45 million viewers can’t be wrong. Right? What’s more interesting about Netlfix’s announcement of the multitudes flocking to see Sandra Bullock shield her eyes from the apocalypse is that previous big events on their part were accompanied by no such swagger. So I guess Bright or Adam Sandler’s latest just didn’t cut it to the same magnitude? Doubtless the streaming giant will be commissioning more end-of-the-world fare tout suite. Possibly starring Will Smith and Adam Sandler, together at last.
The success of The Walking Dead made it incredibly obvious, if that was even necessary, that there are huge potential audiences for the inevitable collapse of civilisation, provided it’s occurring while ensconced in one’s living room. But also that it gets stale quite quickly, if you don’t have anything really distinctive to throw into the mix. Bird Box is well made and acted, but all it does is remind you of other, often better, movies of its ilk.
Based on Josh Malerman’s 2014 novel of the same name, it’s notable that the author himself was concerned about post-apocalyptic comparisons that might be drawn with The Road and The Happening when he first thrashed it out. And they’re just the tip of the “We’re all doomed” iceberg. As usual with these scenarios, rhyme or reason for the outbreak or affliction isn’t eventually imparted; it just is. Which can be a boon or a bust, depending on how fast and loose you choose to be with the rules of your world. In Malerman’s case, and the adaptation by Eric Heisserer (Arrival), I found them increasingly tenuous. If your MacGuffin turns out to be a magic wand, you’re sure to lose goodwill.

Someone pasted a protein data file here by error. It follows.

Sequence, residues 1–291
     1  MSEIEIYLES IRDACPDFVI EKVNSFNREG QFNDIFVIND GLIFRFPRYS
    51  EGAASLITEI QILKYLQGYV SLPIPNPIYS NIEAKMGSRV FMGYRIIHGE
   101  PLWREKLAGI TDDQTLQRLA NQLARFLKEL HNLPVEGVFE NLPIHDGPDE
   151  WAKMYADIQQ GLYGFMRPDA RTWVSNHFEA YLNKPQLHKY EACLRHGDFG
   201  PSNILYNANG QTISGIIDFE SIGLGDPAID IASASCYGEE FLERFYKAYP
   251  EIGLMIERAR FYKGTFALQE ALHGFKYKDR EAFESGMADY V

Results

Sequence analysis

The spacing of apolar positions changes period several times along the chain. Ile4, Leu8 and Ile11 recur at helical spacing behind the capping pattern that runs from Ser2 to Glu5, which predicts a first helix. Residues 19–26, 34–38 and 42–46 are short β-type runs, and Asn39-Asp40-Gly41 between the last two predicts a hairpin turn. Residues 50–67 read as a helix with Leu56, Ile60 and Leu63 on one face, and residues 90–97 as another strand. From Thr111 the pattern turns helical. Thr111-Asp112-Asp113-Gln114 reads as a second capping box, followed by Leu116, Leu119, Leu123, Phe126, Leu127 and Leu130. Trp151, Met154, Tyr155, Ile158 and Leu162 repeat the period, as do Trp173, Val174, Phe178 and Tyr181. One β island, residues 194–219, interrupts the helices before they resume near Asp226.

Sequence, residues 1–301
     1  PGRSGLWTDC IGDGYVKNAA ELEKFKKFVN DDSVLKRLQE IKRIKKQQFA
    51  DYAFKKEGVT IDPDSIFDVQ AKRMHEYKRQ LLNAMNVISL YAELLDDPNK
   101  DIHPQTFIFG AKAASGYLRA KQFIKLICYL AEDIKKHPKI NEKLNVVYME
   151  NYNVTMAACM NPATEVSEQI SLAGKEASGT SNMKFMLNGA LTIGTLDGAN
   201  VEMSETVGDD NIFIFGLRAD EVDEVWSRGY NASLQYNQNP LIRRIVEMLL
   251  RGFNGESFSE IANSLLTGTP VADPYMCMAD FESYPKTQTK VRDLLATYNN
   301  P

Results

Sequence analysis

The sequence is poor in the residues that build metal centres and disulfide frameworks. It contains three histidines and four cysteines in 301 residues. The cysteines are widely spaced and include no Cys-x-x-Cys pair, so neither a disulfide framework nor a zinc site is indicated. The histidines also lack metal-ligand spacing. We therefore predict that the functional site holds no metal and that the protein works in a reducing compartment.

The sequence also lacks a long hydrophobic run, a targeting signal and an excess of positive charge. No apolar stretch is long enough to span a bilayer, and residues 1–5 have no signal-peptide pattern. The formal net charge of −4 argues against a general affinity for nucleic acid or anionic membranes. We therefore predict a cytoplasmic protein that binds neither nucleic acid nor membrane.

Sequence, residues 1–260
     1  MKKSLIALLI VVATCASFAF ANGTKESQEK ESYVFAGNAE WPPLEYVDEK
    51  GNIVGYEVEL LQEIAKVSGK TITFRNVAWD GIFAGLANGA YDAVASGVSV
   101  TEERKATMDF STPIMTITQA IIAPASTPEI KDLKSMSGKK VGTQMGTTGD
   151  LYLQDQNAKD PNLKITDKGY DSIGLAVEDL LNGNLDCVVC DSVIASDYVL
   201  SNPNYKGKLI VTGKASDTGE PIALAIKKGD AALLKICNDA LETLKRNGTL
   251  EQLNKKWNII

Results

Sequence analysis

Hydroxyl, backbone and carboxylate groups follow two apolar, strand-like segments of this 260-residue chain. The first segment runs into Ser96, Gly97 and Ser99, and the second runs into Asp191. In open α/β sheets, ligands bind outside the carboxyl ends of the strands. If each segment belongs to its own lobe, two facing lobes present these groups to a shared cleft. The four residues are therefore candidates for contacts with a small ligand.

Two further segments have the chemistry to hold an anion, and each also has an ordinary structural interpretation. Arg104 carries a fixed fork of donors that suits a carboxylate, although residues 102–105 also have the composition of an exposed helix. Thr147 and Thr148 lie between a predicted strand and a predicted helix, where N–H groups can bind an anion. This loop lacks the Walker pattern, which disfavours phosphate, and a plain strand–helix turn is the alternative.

So the nebulous creatures – real but intangible Lovecraftian demons, Gaia fighting back indiscriminately since she’s taking the fauna with her, mass hysteria or “a classic biowarfare signature”; take your pick – not only ply those who see them with visions of the dead and inspire them to suicide, but they also handily go to work on the insane, who rather than off themselves obligingly and uniformly become zealots, inspired to open the eyes of those resisting such enlightenment (because all mad people are an amorphous whole).
In pursuing this mission, as we discover, there’s no end to the ingenuity and acumen displayed, from the simple luring of river travellers, to driving around in cars in packs, to hatching such nefarious schemes as posing as an escapee from others like them (Tom Hollander’s Gary). It’s cumulatively rather silly, unfortunately. Certainly, I began to lose patience with the picture following Gary’s arrival, and Hollander is usually a massive boon to anything. I can only assume that, when applied to the animal kingdom, rabid dogs are now intent on digging up as many moles as possible in order to force them to see the light.